The end of the year is near; don’t forget your flexible spending account
As the year draws to an end, we focus on our many blessings, buy gifts, and celebrate the holidays. Many of us also begin to think about tax planning. We ask our CPAs to check our withholdings and estimates, help us decide about charitable gifts, and avoid penalties.
We also need to remember the flexible spending accounts many of us have, especially because there’s a new rule for 2013.
For those who might not know, employer-sponsored flexible spending accounts (FSAs) allow employees to defer pretax dollars to pay for certain medical expenses, such as doctor’s charges and prescription medicines. There might be many other medical expenses that qualify for coverage, but this plan has an annual limit and a use-it-or-lose-it requirement.
For example, if you elected to defer $2,400 of your income to be set aside in your flexible spending account for 2013, you could then charge your doctor’s visit co-pay, your prescriptions, and certain other medical expenses against this account. At the end of the year (Dec. 31), you need to use the funds in the FSA account or — based on the original language of the law — lose the remaining value in the account. So if you have only spent $2,000 on medical costs up to this point, you risk losing $400.
In more recent years, however, this law has undergone some modifications that allow an employer to amend its plan to allow a “grace period” of two and a half months after the end of the year for using up those qualified expenses.
In addition, this year the U.S. Treasury Department announced in Notice 2013-71 that it will be relaxing its rules in order to allow employers to provide an option to participants to carry over up to $500 of unused funds into the following year. This is being done because they have found that most forfeited amounts are $500 or less at year-end. Many people, when they make the annual election to defer funds, do not know what their medical bills will be in the following year. Therefore, employees risk losing funds at the end of December unless they carefully plan throughout the year. This new notice requires an amendment to your employer’s plan.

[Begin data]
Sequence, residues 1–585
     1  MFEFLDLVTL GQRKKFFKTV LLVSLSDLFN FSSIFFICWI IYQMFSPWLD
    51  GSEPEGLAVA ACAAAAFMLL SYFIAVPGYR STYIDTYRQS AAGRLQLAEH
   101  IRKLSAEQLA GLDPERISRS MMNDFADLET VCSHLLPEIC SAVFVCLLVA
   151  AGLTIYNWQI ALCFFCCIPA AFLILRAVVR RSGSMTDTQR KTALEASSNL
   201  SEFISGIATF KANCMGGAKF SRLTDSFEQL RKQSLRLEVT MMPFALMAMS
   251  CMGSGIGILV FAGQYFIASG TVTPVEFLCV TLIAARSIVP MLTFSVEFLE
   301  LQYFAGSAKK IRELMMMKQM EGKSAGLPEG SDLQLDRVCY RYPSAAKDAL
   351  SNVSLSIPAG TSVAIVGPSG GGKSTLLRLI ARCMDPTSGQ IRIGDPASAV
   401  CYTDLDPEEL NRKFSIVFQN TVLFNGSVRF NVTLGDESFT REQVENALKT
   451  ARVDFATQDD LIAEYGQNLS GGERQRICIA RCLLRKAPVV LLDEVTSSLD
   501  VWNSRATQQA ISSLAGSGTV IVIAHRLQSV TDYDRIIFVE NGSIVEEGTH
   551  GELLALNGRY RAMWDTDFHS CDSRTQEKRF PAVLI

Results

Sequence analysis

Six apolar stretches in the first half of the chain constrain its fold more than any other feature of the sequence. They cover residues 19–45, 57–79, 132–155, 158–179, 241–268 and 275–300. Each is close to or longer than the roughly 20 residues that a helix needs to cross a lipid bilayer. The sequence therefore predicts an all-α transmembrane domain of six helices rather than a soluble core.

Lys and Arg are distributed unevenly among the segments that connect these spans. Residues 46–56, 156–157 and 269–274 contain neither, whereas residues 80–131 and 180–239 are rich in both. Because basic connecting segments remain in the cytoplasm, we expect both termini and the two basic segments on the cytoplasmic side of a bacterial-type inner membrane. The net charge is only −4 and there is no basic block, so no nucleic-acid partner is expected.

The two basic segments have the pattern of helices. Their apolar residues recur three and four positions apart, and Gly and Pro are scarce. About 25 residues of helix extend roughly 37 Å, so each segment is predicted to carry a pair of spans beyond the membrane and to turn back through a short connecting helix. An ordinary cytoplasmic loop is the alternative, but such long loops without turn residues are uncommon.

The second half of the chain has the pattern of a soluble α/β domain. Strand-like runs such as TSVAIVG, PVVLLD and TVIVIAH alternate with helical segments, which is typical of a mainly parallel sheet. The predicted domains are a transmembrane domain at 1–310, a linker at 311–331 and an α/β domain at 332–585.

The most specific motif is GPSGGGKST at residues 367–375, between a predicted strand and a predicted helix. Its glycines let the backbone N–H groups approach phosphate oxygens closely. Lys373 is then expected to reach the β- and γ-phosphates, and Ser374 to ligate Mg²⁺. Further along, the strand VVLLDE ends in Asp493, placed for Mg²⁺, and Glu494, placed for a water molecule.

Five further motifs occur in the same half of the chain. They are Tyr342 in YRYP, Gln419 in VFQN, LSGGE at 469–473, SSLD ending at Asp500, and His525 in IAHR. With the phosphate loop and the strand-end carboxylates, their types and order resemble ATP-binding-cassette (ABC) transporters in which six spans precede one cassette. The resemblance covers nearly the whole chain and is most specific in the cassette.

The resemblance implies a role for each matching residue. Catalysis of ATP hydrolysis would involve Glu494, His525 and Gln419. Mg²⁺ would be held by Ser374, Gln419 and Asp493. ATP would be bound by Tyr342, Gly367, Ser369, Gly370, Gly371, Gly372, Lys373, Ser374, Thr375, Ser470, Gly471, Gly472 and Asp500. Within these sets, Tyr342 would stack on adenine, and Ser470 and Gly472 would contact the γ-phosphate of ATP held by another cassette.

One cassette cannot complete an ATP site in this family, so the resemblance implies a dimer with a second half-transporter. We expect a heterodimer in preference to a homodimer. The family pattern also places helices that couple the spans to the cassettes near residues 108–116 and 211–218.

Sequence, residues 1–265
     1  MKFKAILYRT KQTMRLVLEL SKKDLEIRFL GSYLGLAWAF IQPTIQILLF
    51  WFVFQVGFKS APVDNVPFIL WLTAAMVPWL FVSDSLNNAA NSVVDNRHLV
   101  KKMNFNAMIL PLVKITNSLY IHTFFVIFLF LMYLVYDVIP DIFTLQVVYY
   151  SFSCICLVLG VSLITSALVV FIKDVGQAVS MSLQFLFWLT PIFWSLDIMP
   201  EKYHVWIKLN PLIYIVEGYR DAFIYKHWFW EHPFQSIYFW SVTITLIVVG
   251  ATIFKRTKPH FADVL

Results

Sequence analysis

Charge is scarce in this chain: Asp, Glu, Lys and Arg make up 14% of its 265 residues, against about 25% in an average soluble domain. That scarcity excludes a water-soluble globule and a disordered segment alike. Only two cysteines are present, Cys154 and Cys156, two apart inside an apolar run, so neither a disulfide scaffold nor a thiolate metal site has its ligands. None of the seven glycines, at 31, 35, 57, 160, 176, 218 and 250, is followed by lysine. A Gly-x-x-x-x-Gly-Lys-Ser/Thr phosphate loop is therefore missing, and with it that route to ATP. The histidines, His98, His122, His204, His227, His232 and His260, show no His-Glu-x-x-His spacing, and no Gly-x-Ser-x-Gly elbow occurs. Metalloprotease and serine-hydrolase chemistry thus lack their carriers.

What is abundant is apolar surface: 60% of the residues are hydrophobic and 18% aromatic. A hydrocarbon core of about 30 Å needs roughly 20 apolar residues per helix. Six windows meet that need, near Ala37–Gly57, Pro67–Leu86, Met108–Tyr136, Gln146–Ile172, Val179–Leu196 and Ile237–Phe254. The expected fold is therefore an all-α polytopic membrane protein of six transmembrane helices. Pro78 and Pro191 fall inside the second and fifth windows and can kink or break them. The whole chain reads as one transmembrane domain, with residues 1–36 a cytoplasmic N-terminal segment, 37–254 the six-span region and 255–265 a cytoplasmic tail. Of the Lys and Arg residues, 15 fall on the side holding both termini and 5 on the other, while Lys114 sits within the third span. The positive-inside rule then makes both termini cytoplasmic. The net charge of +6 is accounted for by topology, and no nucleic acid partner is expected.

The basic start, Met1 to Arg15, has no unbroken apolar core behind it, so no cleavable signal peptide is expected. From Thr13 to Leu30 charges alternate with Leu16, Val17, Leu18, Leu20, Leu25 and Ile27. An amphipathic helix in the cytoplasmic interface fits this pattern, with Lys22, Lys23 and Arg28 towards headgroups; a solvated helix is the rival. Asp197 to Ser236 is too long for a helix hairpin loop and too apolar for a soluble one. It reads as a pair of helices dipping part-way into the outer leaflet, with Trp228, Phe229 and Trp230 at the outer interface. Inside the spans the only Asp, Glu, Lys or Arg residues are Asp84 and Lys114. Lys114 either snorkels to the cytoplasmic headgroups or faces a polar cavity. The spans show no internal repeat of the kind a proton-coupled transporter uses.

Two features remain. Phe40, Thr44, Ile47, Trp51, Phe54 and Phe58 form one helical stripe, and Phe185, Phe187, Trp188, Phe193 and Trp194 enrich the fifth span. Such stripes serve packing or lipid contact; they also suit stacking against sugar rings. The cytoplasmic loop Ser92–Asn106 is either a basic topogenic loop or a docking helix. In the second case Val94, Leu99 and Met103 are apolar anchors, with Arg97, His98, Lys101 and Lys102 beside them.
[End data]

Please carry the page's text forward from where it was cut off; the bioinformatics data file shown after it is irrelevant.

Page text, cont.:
Now is the time to be sure that you understand the benefits provided by your employer and double-check the balance that remains and is required to be used by year-end. Then be sure you understand whether your employer’s plan allows for the grace period or the $500 carryover, since according to the Treasury Department, it cannot allow both.
Plan to properly use the remaining funds in your FSA account by scheduling those medical costs in a timely manner. Because most of us scramble to use these funds by New Year’s Eve, doctors and dentists are often busy at the end of the year. Scheduling appointments might be harder than usual when the new year approaches, so schedule those appointments early and use the remaining funds in your FSA account wisely so that you don’t lose these pretax benefits.
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